Karma Yoga and Seva

Bindu Balakrishnan

 

Amma (Mata Amritanandamayi Devi*), launched another new scheme this month. Free health cards were distributed amongst the rural poor who live in the areas surrounding Amrita Institute of Medical Sciences (AIMS) in Kochi, Kerala. These health cards will allow them to avail of medical services at AIMS for up to Rs. 10,000 per family each year at no cost to the card holders.

 

For the poorest of the poor who get barely any attention even at government hospitals, this comes as a huge blessing. AIMS was started only nine years ago in 1998 and yet, it has grown to become one of the most expansive and complex super-specialty hospitals in the country. In addition to all its medical achievements that have propelled it to the top, the other unique factor that sets it apart from most of the hospitals in the country is that it provides free surgical and post surgical services to the poor. These services are provided without compromising on the quality of medical care.

 

AIMS’ extensive infrastructure comprises 22 modern operating theatres, 1200 beds including 125 comprehensively-equipped intensive care beds, a reference diagnostic Clinical Laboratory including advanced Molecular Biology and Cytogenetics Labs, and a state of the art Diagnostic Imaging Center. Additionally, the academic wing of AIMS provides educational degrees in various disciplines including medicine, dentistry, nursing, pharmaceutical sciences and paramedical services, at undergraduate, graduate and postgraduate levels. (More info at http://www.aimshospital.org)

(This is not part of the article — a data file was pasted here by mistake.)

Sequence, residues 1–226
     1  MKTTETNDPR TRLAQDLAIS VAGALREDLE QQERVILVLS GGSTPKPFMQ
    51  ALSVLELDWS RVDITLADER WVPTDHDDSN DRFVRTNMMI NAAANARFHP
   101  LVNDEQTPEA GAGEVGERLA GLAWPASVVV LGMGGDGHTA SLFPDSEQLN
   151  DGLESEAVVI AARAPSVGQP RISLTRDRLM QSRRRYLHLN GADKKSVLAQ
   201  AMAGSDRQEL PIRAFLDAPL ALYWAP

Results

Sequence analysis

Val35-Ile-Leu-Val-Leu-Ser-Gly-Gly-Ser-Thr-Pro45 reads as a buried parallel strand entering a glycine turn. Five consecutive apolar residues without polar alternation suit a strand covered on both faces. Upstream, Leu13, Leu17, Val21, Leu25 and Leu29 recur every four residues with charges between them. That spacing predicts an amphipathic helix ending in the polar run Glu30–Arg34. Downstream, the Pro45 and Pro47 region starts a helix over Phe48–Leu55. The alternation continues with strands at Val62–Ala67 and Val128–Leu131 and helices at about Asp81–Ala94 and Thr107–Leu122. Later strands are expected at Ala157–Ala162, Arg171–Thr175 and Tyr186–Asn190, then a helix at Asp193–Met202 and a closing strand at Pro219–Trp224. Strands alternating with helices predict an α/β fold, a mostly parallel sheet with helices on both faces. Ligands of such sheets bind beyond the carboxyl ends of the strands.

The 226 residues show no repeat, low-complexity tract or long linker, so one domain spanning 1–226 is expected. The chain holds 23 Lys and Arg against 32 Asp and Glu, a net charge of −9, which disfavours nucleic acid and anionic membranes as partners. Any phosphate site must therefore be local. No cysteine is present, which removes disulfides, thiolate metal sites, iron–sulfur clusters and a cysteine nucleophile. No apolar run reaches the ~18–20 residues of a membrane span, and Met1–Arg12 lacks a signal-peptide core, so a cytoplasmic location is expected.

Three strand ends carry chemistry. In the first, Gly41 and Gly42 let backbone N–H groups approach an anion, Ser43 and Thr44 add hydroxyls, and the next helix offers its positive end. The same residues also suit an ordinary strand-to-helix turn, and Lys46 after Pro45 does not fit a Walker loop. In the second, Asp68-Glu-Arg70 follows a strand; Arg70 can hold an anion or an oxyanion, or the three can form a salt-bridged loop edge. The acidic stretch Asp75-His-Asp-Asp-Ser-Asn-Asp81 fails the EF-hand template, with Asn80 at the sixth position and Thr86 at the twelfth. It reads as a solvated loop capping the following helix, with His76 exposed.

All of what the hospital owns today is the sum result of generous, selfless donations. Apart from the financial contributions that support the hospital, a huge health care provider like AIMS needs a variegated and competent work force to bring it to life. The specialized doctors and surgeons at the hospital are professionals who have quit very successful practices in America, Europe, Australia and India to embrace community service (seva). The administrative and technical staff comprises of people who share a similar story.